Nigeria — Rethinking our values. . .

The Ry Folk High School

I recently had the opportunity of a lifetime to participate at the inaugural Unleash Lab 2017, a program that attracted 1000 bright young people from 129 countries to co-create innovations for achieving the SDGs. The opportunity was doubly special because it would be my first trip outside Nigeria. The destination was Denmark, one of the richest countries in the world — on a per capita income basis — and it certainly didn’t disappoint. Everything works, society is organized and life is simple.

However, the stark disparity between Denmark — other developed nations I believe — and Nigeria would not dawn on me until I landed at MMIA last week. Not the tired looking airport and its surroundings nor the ruinous view of the city from above could faze me. It would take more than the wave of a magic wand to transform Lagos in two weeks; so all was as I expected it to be. However, as I lugged my baggage to the waiting area to be picked up by wifey, it suddenly hit me. At once, I understood why our dear country is the throes of underdevelopment. All around me, Police men, airport officials, Immigration officers and ‘’agberos’’ were jostling for ‘’tips’’ from returnees. It was all about the next quick buck. And so it is for almost every Nigerian and the exceptions are few, if any. We are like a child that has lost its way; hungry, desperate, beggarly and often times coercive. Your car just needs to breakdown on the road to prove this.

Before you take me to the guillotine for these disparaging generalizations, would you deny that for the most part, all we are concerned with is what goes into our individual pockets? The fact is simple: in Nigeria today private wealth trumps public wealth. We are classic examples of ‘’the tragedy of commons’’. Society is so fractured that we go through life believing that acquiring creature comforts for our families alone is all that matters. Grow up, get a well-paying job, build a house, send your children to school abroad, live comfortably and all else can go to blazes. The noise of our generators don’t matter, nor the green gutters and roads ridden with portholes. It doesn’t matter that our food is sold in gutters or that flies have their fill of our food before we take the first bite. With reckless abandon, we manage to survive some of the most unimaginable oddities.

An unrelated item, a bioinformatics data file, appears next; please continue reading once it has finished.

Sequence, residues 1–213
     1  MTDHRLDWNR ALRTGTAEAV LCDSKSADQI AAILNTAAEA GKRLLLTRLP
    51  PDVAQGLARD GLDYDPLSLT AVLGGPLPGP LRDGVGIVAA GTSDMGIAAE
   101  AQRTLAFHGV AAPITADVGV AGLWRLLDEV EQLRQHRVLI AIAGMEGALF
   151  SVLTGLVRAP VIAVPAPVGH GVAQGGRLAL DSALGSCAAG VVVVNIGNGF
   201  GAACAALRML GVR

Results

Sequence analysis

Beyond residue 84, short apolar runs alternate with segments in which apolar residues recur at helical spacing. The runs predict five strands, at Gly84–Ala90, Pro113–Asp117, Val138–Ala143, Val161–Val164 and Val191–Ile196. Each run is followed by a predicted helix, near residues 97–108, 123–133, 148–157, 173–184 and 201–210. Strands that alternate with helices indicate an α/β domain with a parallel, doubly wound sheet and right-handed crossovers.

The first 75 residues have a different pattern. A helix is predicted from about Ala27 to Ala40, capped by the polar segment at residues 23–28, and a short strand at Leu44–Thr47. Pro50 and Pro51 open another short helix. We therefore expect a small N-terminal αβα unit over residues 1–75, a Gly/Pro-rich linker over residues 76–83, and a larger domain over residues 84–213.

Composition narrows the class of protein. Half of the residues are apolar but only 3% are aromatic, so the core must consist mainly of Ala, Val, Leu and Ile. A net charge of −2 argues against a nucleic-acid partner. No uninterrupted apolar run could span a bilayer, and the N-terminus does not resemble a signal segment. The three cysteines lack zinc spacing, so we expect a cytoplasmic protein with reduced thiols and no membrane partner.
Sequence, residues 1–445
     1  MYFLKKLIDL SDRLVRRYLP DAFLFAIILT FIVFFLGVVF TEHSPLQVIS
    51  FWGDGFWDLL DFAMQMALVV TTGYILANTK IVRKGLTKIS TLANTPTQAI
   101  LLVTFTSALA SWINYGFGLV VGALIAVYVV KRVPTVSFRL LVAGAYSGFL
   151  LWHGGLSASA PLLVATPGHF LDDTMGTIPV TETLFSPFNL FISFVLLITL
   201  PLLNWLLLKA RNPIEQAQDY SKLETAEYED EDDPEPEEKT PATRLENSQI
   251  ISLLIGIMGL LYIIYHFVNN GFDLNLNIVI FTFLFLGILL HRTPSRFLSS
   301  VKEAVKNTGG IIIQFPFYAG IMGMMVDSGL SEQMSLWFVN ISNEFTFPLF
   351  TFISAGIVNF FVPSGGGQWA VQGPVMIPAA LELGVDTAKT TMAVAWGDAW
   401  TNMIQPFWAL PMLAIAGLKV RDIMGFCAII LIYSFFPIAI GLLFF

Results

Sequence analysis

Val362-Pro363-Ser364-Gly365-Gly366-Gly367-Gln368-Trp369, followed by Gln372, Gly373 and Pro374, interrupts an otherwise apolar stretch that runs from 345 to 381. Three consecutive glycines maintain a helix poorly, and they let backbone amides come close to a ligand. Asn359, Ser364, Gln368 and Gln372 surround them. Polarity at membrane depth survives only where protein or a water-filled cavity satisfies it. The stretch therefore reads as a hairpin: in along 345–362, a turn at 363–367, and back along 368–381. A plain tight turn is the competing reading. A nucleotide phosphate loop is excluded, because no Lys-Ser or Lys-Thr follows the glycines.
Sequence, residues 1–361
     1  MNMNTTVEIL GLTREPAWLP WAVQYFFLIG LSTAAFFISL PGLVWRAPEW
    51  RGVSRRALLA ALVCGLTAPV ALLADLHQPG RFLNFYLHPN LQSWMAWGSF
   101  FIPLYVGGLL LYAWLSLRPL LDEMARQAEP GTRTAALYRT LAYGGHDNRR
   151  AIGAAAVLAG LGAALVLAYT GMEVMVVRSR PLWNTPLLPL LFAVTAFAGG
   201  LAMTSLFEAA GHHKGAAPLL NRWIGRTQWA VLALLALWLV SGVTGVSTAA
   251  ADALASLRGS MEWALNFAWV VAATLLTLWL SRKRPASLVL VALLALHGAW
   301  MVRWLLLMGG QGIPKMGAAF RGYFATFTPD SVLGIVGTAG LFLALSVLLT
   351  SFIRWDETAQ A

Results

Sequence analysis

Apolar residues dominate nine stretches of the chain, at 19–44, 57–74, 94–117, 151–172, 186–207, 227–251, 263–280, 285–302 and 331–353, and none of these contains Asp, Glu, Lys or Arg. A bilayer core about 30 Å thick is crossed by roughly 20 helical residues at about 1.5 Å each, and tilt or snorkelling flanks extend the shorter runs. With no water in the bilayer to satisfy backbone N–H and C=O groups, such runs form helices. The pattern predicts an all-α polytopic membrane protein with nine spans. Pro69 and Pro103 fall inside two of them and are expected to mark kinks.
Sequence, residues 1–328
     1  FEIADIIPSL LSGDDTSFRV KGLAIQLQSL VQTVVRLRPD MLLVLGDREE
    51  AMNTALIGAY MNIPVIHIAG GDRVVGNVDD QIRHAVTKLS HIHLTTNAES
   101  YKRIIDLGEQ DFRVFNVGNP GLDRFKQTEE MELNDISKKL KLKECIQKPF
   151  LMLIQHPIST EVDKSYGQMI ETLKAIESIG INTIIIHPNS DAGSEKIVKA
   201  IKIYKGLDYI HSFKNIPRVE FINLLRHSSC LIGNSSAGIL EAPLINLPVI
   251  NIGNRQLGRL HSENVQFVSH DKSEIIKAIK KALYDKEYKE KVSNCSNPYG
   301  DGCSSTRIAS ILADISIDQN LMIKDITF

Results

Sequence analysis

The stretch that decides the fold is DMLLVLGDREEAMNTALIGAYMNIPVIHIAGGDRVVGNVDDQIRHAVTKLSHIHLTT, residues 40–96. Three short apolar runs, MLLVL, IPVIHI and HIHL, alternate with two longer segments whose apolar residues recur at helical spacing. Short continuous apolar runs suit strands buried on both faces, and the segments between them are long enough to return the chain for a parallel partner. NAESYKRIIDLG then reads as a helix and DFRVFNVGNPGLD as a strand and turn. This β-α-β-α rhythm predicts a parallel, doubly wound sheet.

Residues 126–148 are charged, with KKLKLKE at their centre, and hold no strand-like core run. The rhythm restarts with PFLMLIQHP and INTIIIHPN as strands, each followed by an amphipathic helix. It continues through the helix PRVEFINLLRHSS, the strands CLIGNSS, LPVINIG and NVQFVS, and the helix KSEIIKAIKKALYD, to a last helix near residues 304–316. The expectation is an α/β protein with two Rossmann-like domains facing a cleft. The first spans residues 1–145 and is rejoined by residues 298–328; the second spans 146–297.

Yet Nigerians are about the most aspirational people on earth; no one wants to “carry last”. This attitude comes with so much mental and emotional strength that drives us to succeed against the odds especially outside our shores. If only we can channel this energy the right way and demand a just and equitable society that allows everyone to thrive irrespective of their lot in life. I have always hoped for Nigeria where electricity supply is reliable, the roads are good, trains work and food is cheap and readily available. In that Nigeria, the hustle would be much lesser; people would take pride in their work and shun begging for handouts; perhaps, agberos would even cease to exist. That hope wanes with each passing day.

Rather than hold our leaders to account, my people have decided to play the fool and hope that God would someday judge them. They forget that He has given us the perfect basis in His Law for building just and equitable societies. The Nigerian version of democracy and the ripple effects still mystify me:

X comes to me for my vote.

My vote gets X elected to office.

X becomes more powerful than me and the electorate.

X diverts public funds to his private pocket

X buys “my” votes at the next elections

The masses and “I” remain poor and beholden to X.

And the vicious cycle continues… Perhaps democracy is overrated especially in the Nigerian context.

For two weeks in Denmark I observed that it doesn’t matter whether you ride a bicycle or drive a small car. Many of the houses are uniform, well-built structures. New breath taking architecture stand side by side with the old historic structures in idyllic consonance. The air is clean, there is laughter in the streets and people are proud of their home and heritage. They have ‘made their bed’ and now we would give an arm and a leg to go “lie in it”.

Here and now, it’s a pipe dream to imagine Nigeria that works, even in the next hundred years. Yet I remain hopeful, that someday soon, like the prodigal, the wool will be lifted from your eyes. Then, we can with renewed vigor pursue a Nigeria we are all proud off, even if it means dismantling everything and starting on a clean slate.